Re: [OPE-L] questions on the interpretation of labour values

From: ajit sinha (sinha_a99@YAHOO.COM)
Date: Sun Mar 11 2007 - 09:13:29 EDT

--- Pen-L Fred Moseley <fmoseley@MTHOLYOKE.EDU> wrote:

> I argue, to the contrary, that the initial
> quantities of money constant
> capital and variable capital are TAKEN AS GIVEN, and
> the crucial point
> is that the SAME QUANTITIES of constant capital and
> variable capital
> are taken as given in the determination of BOTH
> values and prices of
> production – the quantities of money capital
> advanced to purchase means
> of production and labor-power at the beginning of
> the circulation of
> capital (the M in M-C …).  These given quantities of
> money capital are
> later explained as equal to the prices of production
> of the means of
> production and means of subsistence, but to begin
> with they are simply
> taken as given.  Therefore, Marx did NOT “fail to
> transform the inputs”
> of constant capital and variable capital, because
> these inputs are not
> supposed to be transformed.
> Leaving aside the issue of interpretation for now,
> why do you think
> this is not a valid logical method?
> Comradely,
> Fred
For a very simple reason. You say, you take "money
constant and variable capital as given". So let's see
what could this mean. Say a capitalist begins with an
amount of money equal to 50 pounds of silver. What
does he do with this 50 pounds of silver? You say he
buys constant capital and variable capital with it.
Let us say this capitalist is engaged in production of
a commodity X. To produce this commodity X, the
capitalist needs to buy commodity Y and Z as constant
capital and Labor-power L. If the technology available
for the production of X is not the usual neoclassical
one but the Leontieff type, then these Y, Z, and L
must be bought in a given proportion. So let us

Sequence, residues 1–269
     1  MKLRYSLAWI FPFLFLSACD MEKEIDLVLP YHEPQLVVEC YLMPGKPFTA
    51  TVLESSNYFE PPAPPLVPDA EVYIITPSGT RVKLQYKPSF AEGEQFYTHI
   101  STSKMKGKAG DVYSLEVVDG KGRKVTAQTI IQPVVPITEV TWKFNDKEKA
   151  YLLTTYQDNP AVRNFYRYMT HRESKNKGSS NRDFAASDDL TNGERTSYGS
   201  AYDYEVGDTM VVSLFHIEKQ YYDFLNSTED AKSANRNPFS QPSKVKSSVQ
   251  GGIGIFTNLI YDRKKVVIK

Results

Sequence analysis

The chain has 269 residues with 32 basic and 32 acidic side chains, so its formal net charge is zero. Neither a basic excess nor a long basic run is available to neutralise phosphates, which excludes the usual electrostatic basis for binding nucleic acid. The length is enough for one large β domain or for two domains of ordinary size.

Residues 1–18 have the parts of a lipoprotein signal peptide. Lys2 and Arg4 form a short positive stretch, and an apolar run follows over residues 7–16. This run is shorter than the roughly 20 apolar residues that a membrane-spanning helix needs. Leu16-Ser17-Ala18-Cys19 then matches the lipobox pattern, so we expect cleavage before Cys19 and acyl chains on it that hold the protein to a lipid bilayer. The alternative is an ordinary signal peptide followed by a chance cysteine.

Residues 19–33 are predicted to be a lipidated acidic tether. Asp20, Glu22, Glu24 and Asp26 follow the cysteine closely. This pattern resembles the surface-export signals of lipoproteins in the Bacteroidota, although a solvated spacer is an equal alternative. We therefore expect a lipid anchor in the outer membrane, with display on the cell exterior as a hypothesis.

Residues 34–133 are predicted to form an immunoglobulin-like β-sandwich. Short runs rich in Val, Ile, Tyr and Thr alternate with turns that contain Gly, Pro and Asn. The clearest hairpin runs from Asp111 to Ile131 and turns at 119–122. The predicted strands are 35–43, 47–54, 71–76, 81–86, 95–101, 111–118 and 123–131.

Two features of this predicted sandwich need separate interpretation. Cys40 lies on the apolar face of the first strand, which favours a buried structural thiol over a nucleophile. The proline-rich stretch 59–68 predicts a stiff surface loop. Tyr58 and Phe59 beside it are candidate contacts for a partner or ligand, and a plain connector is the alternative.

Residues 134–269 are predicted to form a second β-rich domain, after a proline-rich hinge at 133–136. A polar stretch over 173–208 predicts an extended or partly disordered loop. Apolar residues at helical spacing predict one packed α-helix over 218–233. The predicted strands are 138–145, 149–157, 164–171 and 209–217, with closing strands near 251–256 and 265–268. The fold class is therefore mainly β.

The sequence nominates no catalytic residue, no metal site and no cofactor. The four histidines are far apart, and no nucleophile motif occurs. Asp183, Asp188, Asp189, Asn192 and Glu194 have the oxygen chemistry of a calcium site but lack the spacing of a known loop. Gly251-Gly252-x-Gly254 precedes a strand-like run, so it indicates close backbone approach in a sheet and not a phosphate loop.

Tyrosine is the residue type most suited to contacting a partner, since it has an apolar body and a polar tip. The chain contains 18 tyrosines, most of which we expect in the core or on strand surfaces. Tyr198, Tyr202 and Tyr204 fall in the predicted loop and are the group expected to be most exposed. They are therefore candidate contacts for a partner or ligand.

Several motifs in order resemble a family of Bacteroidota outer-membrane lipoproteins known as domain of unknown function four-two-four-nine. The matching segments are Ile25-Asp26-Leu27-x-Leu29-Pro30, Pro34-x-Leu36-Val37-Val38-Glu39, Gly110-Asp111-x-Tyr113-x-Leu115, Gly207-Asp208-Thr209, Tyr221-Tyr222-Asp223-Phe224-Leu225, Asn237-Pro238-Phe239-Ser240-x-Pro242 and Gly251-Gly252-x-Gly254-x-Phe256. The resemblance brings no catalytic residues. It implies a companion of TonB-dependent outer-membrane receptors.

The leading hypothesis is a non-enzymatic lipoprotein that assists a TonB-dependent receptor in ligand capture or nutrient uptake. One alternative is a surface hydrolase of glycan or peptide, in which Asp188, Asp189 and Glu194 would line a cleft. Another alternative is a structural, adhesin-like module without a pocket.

suppose that to produce 1 unit of X, it takes 2 units
of Y and 3 units of Z with 1 unit of L. Let us suppose
that the price of Y is 4 pounds of silver, the price
of Z is 5 pounds of silver, and the wage per unit of L
is 6 pounds of silver. Thus the capitalist will spend
29 pounds of silver to be able to buy enough constant
and variable capital to produce 1 unit of X. If there
is no chance of divisibility of commodites below 1
unit, then this capitalist is simply unable to
productively invest the rest of his 21 pounds of
silver. Even if you assume perfect divisibility, the
capitalist in no way will be able to invest his full
50 pounds for constant and variable capital. So what
would it mean to say that the capitalist begins with a
capital in terms of money? This was only to highlight
the flimsyness of such statements that capitalist
start with a GIVEN money. Acually what you have to do
is to start with an input output structure with KNOWN
prices and wages, and then calculate your total amount
of money investment, which you then call given money
investment. Any way, this is not my main criticism.
Let's suppose you are lucky, prices of Y, Z and L
happens to be such that your capitalist could invest
your so-called given 50 pounds of silver completely.
So, how much is the constant capital investment? You
say we add the amount of Y and Z bought by the
capitalist multiplied by their respective prices. So
you cannot get a money measure of contant capital
without knowing the prices of the elements of the
constant capital. After which you tell me that you
derive the prices of Y and Z and show me that voilà!
these prices are the same as I had assumed in
calculating my so-called money constant capital and
therefore there is no transformation problem. Then do
I have to still explain that your methodology has some
problem? You see, it is now well known (at least since
1966) that heterogenous capital cannot be aggregated
in terms of K, or labor or money etc. prior to the
knowledge of prices of those capital goods. Why do you
think Foley and Dumenil only took variable capital
given in terms of money and not the constant capital?
Because they knew that it would be fatal to their
whole argument. Cheers, ajit sinha

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